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Why is it made?

How is it made?

What is it?

Curved Kish Home




iron crimped onto graphite foil






Under high vacuum (~10-7 Torr), catalyst metal is melted with energetic electrons.  A bias of  >5 kV applied to the sample accelerates the thermionic current from the glowing tungsten filament.  This procedure routinely produces an origami-like graphite shell enclosing a round metal core.  This procedure works with iron, nickel and cobalt.  Because surface tension is exploited to suspend the melt, shell width is limited to about 5 millimeters.

Splat cooling-a slight variation on this procedure-permits the formation of graphitic dendrites and delaminated membranes.

Optical images of curved kish graphite synthesis procedure

thermionic emission

tungsten filament





Molten metal dissolves carbon from graphite stem.

Origami graphite (pale phase) sweeps over melt surface, frequently with a polygonal boundary.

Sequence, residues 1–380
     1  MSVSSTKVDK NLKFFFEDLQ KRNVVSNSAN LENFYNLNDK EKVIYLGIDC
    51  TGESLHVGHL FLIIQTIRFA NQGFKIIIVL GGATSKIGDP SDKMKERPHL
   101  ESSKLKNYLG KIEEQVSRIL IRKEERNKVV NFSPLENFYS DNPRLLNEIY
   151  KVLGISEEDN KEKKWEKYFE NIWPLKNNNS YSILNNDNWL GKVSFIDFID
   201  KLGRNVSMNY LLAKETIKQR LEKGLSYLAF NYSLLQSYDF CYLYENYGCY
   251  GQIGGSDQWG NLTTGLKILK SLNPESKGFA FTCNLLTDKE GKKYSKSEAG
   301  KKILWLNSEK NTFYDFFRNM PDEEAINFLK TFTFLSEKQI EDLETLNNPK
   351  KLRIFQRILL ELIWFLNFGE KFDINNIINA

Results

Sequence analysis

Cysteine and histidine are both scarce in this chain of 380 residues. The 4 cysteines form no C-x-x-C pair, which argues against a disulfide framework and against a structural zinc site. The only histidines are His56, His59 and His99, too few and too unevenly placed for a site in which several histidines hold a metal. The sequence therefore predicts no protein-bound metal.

Displaced, distorted reflection of glowing tungsten filament provides evidence of faceted graphite surface.

As melt cools, graphite continues to precipitate.  Resulting internal pressure can rupture the graphite shell.

Origami formation is reversible, by re-heating.  Pale origami islands are stable, indicating solid film on dark area.  See dendrites page for further evidence of non-origami curved graphite.

Methods for control of graphite crystal shape:
Patterning graphite:


"pimple" erupting from origami-enveloped melt
origami-enveloped melt
polygonal boundary of origami on melt
molten iron clinging to graphite foil
origami islands immobilized within dark phase on melt